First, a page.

'6 7 7 7 0 o q i f l I I J E Vim. G I r'\ I"\ ("t Negative I |||l Processor 1;: HHW ll I I k I i i 2 r4 ls 22 m g m r; a *gy lmpnntmq 32 3 Rolls-42 o Sens orAnd Cutter lrnprinter-37/ PHOTOFINISHING AND IMPRINTING PROCESS BACKGROUND OF THE INVENTION The present invention is concerned with an improved photofinishing process wherein legible information is imprinted on a photographic print. preferably on the nonimage-bearing side thereof, at a preselected location relative to the edges of said print.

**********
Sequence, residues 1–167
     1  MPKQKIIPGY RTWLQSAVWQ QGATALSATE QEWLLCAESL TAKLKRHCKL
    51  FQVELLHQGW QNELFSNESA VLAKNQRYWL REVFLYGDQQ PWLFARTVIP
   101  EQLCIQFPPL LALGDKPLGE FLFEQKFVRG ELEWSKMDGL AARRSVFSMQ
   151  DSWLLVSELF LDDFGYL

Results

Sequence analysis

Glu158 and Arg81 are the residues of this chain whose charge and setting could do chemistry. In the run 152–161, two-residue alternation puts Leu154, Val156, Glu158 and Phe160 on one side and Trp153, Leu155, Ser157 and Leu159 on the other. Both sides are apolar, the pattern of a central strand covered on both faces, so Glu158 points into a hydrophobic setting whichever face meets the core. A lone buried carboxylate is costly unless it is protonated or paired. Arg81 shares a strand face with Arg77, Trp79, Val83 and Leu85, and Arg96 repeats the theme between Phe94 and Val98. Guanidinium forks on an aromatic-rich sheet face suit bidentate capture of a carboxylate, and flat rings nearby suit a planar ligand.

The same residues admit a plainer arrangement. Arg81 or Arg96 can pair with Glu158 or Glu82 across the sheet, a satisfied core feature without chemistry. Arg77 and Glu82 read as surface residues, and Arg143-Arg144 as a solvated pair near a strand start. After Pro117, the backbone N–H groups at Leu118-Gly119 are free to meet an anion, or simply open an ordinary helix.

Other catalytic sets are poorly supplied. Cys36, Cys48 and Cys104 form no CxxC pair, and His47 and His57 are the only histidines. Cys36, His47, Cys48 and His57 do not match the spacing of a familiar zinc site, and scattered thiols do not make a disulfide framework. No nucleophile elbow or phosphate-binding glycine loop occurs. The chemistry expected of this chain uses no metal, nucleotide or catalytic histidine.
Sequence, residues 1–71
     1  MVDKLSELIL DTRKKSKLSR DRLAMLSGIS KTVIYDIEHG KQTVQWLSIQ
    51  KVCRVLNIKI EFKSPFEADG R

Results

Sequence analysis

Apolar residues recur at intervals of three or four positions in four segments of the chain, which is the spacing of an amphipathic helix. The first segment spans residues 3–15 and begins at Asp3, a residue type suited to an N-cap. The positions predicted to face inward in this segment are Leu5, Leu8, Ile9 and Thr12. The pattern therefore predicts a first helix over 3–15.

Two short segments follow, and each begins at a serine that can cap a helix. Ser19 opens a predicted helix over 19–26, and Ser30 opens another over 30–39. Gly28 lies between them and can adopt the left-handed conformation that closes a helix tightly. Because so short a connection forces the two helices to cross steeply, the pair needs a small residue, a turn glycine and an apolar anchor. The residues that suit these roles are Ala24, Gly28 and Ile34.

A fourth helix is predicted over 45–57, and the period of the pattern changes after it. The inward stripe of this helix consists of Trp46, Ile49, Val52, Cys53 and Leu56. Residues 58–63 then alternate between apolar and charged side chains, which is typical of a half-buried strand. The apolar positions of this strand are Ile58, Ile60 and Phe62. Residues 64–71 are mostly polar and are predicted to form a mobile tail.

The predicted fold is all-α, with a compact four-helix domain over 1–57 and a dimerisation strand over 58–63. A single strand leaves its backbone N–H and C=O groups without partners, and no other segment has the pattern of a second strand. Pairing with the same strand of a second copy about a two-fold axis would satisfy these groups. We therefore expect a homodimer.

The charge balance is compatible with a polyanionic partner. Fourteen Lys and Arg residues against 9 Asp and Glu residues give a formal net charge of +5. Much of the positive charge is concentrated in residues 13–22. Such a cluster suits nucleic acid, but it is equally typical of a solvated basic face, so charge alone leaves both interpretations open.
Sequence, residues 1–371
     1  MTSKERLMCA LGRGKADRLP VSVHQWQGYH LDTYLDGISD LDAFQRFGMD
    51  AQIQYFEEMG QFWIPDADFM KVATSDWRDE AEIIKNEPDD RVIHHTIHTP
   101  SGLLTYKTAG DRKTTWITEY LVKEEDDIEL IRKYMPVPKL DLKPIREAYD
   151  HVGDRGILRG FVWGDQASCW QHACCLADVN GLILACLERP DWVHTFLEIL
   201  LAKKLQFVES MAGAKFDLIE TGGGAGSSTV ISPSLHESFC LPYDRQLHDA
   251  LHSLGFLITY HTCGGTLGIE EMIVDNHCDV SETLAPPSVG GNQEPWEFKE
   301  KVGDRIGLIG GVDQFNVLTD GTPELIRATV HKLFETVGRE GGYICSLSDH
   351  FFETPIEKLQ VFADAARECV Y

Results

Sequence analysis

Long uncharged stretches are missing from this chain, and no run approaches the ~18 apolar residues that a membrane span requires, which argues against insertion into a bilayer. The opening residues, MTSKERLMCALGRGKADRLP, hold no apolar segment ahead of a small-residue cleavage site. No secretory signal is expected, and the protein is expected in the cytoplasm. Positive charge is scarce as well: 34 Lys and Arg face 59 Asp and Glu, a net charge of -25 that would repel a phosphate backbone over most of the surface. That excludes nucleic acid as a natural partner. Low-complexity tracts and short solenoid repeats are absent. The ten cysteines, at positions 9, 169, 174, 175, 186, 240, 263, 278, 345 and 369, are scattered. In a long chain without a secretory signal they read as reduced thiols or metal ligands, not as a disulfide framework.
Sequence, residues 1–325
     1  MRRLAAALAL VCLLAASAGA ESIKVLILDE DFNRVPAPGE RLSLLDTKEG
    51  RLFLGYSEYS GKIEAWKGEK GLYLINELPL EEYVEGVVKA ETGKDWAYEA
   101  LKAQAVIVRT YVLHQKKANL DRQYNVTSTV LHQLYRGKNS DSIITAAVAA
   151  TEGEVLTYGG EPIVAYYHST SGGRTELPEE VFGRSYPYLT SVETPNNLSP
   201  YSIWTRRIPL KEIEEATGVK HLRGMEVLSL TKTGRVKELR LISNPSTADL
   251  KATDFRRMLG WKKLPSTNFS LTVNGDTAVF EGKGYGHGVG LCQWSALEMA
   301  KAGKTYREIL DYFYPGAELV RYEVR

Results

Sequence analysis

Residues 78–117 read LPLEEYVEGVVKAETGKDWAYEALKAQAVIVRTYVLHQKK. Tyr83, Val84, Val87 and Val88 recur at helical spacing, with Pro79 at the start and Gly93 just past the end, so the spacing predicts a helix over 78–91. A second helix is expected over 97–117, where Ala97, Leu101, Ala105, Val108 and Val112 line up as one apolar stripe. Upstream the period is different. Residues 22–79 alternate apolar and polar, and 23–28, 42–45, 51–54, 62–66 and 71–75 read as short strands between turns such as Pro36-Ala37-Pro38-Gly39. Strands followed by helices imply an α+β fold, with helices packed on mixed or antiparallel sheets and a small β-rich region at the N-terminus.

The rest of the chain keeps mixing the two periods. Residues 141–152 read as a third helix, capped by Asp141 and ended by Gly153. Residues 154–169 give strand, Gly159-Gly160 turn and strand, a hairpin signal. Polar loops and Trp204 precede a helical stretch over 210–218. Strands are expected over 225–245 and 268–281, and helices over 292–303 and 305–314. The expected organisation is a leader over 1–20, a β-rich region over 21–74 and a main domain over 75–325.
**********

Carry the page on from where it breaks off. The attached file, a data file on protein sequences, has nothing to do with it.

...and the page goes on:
ln known photofinishing processes. after a strip of negatives has been developed, it is supplied to an oper ator of a printer or exposure mechanism who manually intiates the printing of each negative. The negatives are exposed in succession. in enlarged form, on a continuous strip of print paper. and the printer mechanism customarily marks the trailing edge of each exposure with an indicium, such as a small hole, a graphite mark on the nonimage-bearing side of the strip, or a photo graphic mark on the image-bearing side of the strip, to demarcate the locations of the successive exposures from one another for purposes of subsequently controlis then normally inspected visually to permit an operator to mark off bad prints, and is then passed to a cutter. which includes a sensor responsive to the printersupplicd indicia, and which operates to cut the strip at the location of each indicium into a stack of individual photographic prints.